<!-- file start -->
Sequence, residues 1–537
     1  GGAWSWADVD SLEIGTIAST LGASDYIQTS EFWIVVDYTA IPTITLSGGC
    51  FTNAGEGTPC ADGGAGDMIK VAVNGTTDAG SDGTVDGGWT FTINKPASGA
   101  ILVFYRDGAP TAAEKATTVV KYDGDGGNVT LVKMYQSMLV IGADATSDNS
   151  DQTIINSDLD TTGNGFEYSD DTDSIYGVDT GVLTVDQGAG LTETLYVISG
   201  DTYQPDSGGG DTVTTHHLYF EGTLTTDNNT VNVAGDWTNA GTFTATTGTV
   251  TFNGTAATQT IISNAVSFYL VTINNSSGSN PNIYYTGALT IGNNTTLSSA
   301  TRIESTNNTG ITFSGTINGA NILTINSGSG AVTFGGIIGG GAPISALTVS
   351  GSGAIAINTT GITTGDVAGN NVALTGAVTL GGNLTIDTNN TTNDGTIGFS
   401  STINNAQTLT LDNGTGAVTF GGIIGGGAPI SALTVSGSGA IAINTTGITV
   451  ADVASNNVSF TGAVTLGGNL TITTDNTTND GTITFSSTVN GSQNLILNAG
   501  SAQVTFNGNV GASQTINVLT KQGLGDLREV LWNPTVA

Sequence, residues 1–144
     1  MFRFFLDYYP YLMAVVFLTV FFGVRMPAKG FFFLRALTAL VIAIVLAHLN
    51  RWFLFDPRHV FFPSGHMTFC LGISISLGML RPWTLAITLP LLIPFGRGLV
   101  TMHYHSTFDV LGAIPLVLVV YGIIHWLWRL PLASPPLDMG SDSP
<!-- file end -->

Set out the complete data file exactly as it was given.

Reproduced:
Sequence, residues 1–537
     1  GGAWSWADVD SLEIGTIAST LGASDYIQTS EFWIVVDYTA IPTITLSGGC
    51  FTNAGEGTPC ADGGAGDMIK VAVNGTTDAG SDGTVDGGWT FTINKPASGA
   101  ILVFYRDGAP TAAEKATTVV KYDGDGGNVT LVKMYQSMLV IGADATSDNS
   151  DQTIINSDLD TTGNGFEYSD DTDSIYGVDT GVLTVDQGAG LTETLYVISG
   201  DTYQPDSGGG DTVTTHHLYF EGTLTTDNNT VNVAGDWTNA GTFTATTGTV
   251  TFNGTAATQT IISNAVSFYL VTINNSSGSN PNIYYTGALT IGNNTTLSSA
   301  TRIESTNNTG ITFSGTINGA NILTINSGSG AVTFGGIIGG GAPISALTVS
   351  GSGAIAINTT GITTGDVAGN NVALTGAVTL GGNLTIDTNN TTNDGTIGFS
   401  STINNAQTLT LDNGTGAVTF GGIIGGGAPI SALTVSGSGA IAINTTGITV
   451  ADVASNNVSF TGAVTLGGNL TITTDNTTND GTITFSSTVN GSQNLILNAG
   501  SAQVTFNGNV GASQTINVLT KQGLGDLREV LWNPTVA

Sequence, residues 1–144
     1  MFRFFLDYYP YLMAVVFLTV FFGVRMPAKG FFFLRALTAL VIAIVLAHLN
    51  RWFLFDPRHV FFPSGHMTFC LGISISLGML RPWTLAITLP LLIPFGRGLV
   101  TMHYHSTFDV LGAIPLVLVV YGIIHWLWRL PLASPPLDMG SDSP